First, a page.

Shaswati Mazumdar is a professor and head of the Germanic and Romance Studies department at the University of Delhi. From 1972-77 she studied German language and literature at Jawaharlal Nehru University and also did her Ph.D there in 1994 on Lion Feuchtwanger, Berthold Brecht, and the handling of Indian colonial history. Her main research areas are India in German-language literature, Cultural transformation processes in the German-speaking world and Europe, 20th century German literature, and the reception of the Indian uprising of 1857 in the German-speaking world and Europe.
Vibha Maurya is a professor in the department of Germanic and Romance Studies at the University of Delhi. She completed her M.A. at the Maurice Thorez Moscow State Pedagogical Institute of Foreign Languages, Moscow, USSR and her Ph.D at University of Havana, Cuba. Her research interests include Latin American and Spanish literature, literary theory, translation – theory and practice and the Spanish language. She has translated numerous novels, stories and essays from Spanish to Hindi.
Musad Abdul Salam is a professor in the English Studies department at the University of Delhi.
Janaki Abraham, M.A, M.Phil, Ph.D. (Delhi) is Associate professor in Sociology at the University of Delhi. Her research interests include the study of kinship, gender and caste, visual anthropology and gender and space, particularly the study of towns. She is finalising her manuscript entitled: Gender, Caste and Matrilineal Kinship: Shifting boundaries in twentieth century Kerala based on her doctoral research. An exhibition entitled: Exploring the Visual Cultures of North Kerala: Photographs, albums and videos in everyday life showed at the Arts and Aesthetics gallery in JNU, New Delhi and was based on her postdoctoral research.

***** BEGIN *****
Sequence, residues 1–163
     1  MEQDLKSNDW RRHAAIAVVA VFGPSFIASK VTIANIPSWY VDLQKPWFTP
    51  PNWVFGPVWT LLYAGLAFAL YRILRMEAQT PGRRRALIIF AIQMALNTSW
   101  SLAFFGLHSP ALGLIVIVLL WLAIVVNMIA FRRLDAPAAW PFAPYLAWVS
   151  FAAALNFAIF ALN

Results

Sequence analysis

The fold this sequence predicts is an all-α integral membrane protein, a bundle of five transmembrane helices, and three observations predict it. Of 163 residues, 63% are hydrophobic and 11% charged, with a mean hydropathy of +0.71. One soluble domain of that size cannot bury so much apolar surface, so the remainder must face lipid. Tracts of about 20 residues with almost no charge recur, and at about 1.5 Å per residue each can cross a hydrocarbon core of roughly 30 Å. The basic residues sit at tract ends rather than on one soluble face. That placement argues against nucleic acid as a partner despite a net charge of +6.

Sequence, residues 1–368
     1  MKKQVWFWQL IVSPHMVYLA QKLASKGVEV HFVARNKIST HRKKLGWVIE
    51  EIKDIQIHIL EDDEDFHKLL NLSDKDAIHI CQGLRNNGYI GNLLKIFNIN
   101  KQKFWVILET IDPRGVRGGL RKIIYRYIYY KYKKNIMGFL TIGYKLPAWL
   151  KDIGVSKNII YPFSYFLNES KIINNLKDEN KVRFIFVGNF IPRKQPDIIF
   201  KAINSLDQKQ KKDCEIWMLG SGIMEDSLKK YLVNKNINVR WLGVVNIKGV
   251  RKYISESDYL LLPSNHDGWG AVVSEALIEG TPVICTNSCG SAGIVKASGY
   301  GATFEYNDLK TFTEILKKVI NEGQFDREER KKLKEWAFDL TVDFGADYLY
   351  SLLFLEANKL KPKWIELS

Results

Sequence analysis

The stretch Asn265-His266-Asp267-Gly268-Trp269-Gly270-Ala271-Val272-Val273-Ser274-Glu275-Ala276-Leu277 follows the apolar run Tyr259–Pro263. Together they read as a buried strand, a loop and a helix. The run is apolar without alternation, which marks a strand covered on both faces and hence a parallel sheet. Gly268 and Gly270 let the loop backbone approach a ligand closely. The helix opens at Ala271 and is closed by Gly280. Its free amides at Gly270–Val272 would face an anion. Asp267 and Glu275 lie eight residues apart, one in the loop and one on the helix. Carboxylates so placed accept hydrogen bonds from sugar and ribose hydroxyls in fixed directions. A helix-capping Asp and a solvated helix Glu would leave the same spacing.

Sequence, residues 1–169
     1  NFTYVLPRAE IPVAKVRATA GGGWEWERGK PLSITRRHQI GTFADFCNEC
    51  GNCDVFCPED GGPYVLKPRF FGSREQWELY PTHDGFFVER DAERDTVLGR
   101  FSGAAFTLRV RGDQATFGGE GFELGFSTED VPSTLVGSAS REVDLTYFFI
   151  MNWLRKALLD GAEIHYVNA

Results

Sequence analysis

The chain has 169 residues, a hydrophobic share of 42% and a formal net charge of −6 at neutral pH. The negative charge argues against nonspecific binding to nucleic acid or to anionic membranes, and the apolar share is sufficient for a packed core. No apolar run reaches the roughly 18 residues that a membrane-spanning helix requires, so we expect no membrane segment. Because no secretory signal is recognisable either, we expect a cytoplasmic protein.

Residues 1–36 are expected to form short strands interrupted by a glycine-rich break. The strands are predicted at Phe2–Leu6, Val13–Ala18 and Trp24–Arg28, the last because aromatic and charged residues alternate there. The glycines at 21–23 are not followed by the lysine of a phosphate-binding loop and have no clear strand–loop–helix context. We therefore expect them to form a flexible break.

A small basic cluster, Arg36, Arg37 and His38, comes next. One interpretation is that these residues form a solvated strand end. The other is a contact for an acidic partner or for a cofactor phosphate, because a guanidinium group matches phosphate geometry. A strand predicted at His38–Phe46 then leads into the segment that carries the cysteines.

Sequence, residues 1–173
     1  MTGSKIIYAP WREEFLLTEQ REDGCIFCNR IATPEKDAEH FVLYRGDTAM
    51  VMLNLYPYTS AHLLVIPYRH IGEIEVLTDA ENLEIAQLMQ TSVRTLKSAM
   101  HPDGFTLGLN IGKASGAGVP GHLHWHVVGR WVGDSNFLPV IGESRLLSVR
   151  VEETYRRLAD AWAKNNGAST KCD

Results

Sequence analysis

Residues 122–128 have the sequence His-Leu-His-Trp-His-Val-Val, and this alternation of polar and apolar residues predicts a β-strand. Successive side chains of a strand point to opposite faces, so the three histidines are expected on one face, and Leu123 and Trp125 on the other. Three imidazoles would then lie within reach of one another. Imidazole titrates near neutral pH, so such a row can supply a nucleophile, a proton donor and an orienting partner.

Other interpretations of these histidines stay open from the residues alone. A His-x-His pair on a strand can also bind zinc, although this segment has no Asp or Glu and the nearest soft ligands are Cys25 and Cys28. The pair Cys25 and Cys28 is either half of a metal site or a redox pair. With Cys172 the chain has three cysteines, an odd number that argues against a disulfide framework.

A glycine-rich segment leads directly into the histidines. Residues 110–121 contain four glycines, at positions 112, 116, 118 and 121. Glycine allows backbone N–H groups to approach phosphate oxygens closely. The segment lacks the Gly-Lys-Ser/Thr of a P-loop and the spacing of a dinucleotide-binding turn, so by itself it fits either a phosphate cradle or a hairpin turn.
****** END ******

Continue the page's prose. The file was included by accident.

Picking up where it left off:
Gautam Bhatia is a lawyer currently practicing law in Delhi, and teaching visiting courses at the National University of Juridical Sciences. He also runs the Indian Constitutional Law and Philosophy Blog and also occasionally writes expository opinion pieces for The Outlook and Scroll.
Sharmila Samant is an artist. She studied at the Sir J.J. School of Arts, Mumbai, India 1989 and did her residency at the Rijksakademie van Beeldende Kunsten, Amsterdam, The Netherlands 1998-99 and the Gasworks Studios 2000. She Has participated in a number of national and international shows including ‘Century City’ – Art and Culture in the Modern Metropolis, The Tate Modern, London, UK, curated by Geeta Kapur 2001. Liverpool Biennale, Liverpool, UK 2002, ‘Sub terrain’, artworks in the city fold, Body, just to name a few. As the co-Founder, Member of Open Circle, an artists’ initiative for the organization and development of interactive platforms for artists in Mumbai from 1998-2007. She has conceptualized and co-ordinated many collaborative works.